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10 Jun, 2010 18:49

Activists call for BP to be held financially responsible

For the second time in less than a week, protesters gathered in Washington, DC to protest what they call BP’s negligence and called on BP to be financially responsible for those hurt most by the Gulf oil spill.

"They were never given enough to be able to get through the month,” said Joan Stallard, an activist with MoveOn.org.

She continued, “Where they were used to getting $3,500 in income, BP’s handing out checks for $2,000 so they're just squeezing, squeezing."

Tighe Barry dressed up like a BP worker as he parodied BP CEO Tony Hayward.

"I was sitting in my office in London,” he joked, “How could I be held responsible?”

He and other members of Code Pink and MoveOn.org are suggesting BP should pay for it all.

The BP jokers are going on news every day telling lies and dong whatever they feel like,” said Barry.

Let’s expose them for really what the truth is, that they really are they’re greedy. They put money above people,” said Barry.

Just last week, a much larger group of protesters gathered outside BP’s Washington, DC lobbying office, calling for action.

It was a much smaller group out in front of a building where BP used to lease an office. But for people walking by during the lunchtime protest, they were at least able to see that the outrage is still alive.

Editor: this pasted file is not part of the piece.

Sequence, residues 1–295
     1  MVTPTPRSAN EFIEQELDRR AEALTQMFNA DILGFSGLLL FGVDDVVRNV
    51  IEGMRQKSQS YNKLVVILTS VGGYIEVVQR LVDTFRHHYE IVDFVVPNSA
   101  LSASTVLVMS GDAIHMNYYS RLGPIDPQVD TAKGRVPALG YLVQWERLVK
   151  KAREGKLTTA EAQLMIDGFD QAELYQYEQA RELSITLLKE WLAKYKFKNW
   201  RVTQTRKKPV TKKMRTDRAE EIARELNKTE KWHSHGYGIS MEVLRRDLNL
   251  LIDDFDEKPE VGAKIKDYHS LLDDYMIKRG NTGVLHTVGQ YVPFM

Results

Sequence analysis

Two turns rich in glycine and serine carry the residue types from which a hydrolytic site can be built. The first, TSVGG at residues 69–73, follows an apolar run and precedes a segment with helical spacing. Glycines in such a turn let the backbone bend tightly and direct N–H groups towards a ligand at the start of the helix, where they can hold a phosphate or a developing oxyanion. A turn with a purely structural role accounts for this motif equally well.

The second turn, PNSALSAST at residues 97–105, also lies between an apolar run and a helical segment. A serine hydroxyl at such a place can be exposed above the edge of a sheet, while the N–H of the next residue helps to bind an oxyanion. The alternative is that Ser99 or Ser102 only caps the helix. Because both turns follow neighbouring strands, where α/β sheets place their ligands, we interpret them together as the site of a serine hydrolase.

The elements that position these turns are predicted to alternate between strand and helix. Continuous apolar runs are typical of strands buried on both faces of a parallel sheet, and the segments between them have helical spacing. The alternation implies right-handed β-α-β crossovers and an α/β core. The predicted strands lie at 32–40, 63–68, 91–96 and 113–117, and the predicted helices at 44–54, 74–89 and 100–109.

On Capitol Hill, lawmakers continue to probe the Obama administration, including Senator Mary Landrieu (Democrat-Louisiana). She asked Ken Salazar, the Secretary of the Interior, not to call a moratorium on offshore drilling. On Wednesday, Landrieu said many companies in her state will suffer much more.

If these long list of companies that are not oil companies but oil service companies, have to either go out of business or take bankruptcy or lay off thousands of workers are going to ask BP to pick up their salaries and make them whole?” asked Landrieu.

The answer to that is yes we will,” said Salazar. “BP is responsible and BP is responsible for all the damages that flow from the BP oil spill."

But the question remains: How much will BP really pay?